Tee off the water pump feed line? To get water to the pump from there somehow?

As always, thanks!
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Old 02-24-2005, 12:57 PM   #140
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Quote:
Originally Posted by jcferguson
So, Uwe, does the pump pick-up from your fresh tank come straight of the tank too, or does it hang below the tank a bit? I looked back at your photos and can't quite figure how you the last bit of water out - won't the pump just hit air once the water level is below the top of the pick-up pipe?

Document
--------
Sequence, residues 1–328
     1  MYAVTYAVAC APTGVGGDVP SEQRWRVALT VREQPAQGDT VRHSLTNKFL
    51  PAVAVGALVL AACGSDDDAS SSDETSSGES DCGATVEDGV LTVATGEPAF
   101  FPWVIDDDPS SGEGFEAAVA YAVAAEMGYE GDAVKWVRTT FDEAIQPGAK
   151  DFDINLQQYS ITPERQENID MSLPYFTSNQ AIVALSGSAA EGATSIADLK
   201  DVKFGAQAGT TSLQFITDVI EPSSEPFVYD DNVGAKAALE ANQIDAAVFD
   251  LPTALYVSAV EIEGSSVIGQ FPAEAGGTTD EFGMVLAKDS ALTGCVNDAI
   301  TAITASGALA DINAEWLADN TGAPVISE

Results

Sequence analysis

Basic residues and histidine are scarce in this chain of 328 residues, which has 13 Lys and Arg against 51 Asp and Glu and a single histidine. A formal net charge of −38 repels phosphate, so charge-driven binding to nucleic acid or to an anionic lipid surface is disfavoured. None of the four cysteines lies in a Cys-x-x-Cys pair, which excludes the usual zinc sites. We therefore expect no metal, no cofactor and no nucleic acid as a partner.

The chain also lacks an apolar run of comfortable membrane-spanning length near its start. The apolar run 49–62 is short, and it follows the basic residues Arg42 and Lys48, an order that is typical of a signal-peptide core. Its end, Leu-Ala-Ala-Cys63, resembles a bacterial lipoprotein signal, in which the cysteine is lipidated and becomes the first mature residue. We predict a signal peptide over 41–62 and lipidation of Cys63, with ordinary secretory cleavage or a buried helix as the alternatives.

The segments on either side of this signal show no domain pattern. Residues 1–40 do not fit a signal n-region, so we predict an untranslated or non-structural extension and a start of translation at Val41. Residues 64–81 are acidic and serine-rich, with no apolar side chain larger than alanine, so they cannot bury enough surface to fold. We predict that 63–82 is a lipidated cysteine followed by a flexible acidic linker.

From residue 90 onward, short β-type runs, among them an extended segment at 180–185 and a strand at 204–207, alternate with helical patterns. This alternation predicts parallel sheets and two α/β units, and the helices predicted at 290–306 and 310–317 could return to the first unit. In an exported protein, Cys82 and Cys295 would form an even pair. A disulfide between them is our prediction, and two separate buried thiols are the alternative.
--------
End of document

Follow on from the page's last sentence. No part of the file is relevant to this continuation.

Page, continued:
Tee off the water pump feed line? To get water to the pump from there somehow?

As always, thanks!
I guess that's one of the drawbacks of the flat tanks, because even though I have a slight slope in the installation, there will always be a slight amount that can't be retrieved by the pump. It's like that on my 71's factory installation also. When I run out of water, and the pump stops delivering, I can alwasy still drain a gallon or two out of the tank via the drain.